Both the young researchers and their community elders are outspoken about their worries for the future of Chelsea and the impacts of money injected into the neighborhood, but not guided by community input. Through this research study, residents are sharing personal stories of displacement and the impact that a growing wealth gap between longtime tenants and newly arrived, affluent residents means for Chelsea.
At a community level, the data collected from the Healthy Neighborhoods Study underscores equity issues playing out all over Chelsea. For example, residents have provided input year after year into efforts such as the city’s Municipal Harbor Plan. Grassroots organizations and residents have fought hard over the years for policy changes that will create and protect recreational areas along Chelsea Creek. They have also stopped a diesel power plant and redirected ethanol trains from being routed through the city.
It takes years of dedicated organizing and tough legislative fights to achieve such community-defined and -driven “wins” aimed at stopping policies that destroy not only our natural environment but also the health and quality of life of our residents.
As we continue to survey the community to glean more data, we hear community members express their frustration at how quickly outside development money can open doors that have been closed to them for years. We also repeatedly hear worries that developer deadlines will drive changes that don’t reflect sufficient community input won’t respect the need for clean and healthy open spaces, and will marginalize longtime residents, or worse, displace entire neighborhoods.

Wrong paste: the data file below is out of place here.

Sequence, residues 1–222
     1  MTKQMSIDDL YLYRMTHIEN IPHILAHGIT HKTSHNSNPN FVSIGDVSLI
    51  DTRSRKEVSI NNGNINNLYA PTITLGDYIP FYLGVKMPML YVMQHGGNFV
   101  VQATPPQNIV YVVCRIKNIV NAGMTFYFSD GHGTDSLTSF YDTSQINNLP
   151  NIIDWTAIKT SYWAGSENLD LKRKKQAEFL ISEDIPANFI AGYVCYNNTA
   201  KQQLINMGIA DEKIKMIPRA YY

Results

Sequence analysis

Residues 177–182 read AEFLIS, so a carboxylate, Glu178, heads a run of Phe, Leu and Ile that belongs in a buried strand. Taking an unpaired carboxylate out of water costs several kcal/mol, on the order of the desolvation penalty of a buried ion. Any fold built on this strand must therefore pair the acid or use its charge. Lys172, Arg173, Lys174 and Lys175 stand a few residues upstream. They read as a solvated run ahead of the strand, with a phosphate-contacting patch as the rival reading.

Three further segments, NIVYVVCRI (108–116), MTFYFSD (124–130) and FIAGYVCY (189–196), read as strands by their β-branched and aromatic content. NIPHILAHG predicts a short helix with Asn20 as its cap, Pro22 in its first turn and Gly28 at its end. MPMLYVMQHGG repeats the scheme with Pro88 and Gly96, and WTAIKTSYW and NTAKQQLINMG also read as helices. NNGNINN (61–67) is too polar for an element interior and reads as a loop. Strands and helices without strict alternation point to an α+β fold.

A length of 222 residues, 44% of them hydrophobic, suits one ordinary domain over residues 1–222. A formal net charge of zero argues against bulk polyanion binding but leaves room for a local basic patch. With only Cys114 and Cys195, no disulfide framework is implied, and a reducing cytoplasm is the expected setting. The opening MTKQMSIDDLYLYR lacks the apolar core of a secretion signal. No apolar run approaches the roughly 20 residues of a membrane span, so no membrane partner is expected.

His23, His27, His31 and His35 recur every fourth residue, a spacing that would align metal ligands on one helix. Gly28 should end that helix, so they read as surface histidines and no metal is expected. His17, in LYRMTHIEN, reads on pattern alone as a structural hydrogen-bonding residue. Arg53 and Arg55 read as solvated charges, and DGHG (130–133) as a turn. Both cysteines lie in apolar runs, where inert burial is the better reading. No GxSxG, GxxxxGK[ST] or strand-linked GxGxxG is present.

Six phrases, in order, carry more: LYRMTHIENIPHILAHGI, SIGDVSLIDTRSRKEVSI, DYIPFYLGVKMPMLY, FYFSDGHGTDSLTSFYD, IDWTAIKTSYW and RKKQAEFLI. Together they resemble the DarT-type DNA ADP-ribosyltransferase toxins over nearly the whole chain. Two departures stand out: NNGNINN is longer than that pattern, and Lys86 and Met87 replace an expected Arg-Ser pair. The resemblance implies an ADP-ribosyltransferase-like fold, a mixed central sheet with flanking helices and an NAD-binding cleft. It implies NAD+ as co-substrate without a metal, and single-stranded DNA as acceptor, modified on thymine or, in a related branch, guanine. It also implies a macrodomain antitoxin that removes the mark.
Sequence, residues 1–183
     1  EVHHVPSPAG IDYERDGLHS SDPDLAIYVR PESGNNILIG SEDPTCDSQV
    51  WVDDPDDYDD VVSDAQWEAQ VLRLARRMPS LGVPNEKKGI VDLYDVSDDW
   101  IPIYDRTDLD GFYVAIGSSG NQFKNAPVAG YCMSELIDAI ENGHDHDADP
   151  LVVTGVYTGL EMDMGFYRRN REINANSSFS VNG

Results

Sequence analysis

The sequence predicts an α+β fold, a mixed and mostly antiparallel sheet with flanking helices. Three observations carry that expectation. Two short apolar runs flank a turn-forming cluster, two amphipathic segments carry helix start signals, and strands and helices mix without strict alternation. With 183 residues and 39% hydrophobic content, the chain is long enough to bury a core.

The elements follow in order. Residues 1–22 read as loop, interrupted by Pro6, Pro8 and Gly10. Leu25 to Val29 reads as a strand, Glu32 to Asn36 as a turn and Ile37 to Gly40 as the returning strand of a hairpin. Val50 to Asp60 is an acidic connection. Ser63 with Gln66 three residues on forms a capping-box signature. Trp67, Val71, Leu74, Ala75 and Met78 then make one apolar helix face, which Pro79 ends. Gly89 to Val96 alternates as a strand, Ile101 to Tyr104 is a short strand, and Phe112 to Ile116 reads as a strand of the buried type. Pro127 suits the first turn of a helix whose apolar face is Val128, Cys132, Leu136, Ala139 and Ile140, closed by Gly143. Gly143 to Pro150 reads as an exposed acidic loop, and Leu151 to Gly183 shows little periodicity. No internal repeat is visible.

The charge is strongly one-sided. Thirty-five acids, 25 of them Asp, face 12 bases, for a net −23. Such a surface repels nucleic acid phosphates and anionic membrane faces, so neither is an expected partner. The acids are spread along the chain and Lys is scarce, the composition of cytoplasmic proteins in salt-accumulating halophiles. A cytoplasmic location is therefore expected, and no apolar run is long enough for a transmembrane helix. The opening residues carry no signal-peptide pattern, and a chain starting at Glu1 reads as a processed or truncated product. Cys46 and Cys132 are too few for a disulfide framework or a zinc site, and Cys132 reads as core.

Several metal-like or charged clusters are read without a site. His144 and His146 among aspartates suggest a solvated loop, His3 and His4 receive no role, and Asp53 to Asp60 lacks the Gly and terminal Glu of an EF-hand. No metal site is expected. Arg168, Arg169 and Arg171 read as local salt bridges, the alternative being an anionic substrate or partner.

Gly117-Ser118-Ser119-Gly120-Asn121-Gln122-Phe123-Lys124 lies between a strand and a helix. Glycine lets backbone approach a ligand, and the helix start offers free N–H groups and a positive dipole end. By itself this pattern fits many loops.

Using Data to Determine Chelsea’s Destiny
We’re turning our listening into learning. Through Conservation Law Foundation’s Healthy Neighborhoods Study, people from my community are collecting data on neighborhood conditions, resident experiences, development, and health across the city. As a result, those whose voices are rarely heard are now part of a larger groundswell of community opinion able to influence and make change alongside those who hold institutional and economic power in Chelsea.
We are fighting to provide and protect waterfront and open spaces that benefit all community members, pushing for the establishment of an affordable farmers market with healthy produce, and calling for investments in truly affordable housing that meets the income levels of the majority of Chelsea residents.
The solutions to our struggles aren’t mysteries. Sometimes all you have to do is ask those who already know what they are.
I encourage each of you, as members and supporters of CLF’s work, to support local environmental justice issues and more equitable community solutions to health and wellness by sharing this blog on your Facebook or Twitter feed!
Before you go… CLF is working every day to create real, systemic change for New England’s environment. And we can’t solve these big problems without people like you. Will you be a part of this movement by considering a contribution today? If everyone reading our blog gave just $10, we’d have enough money to fund our legal teams for the next year.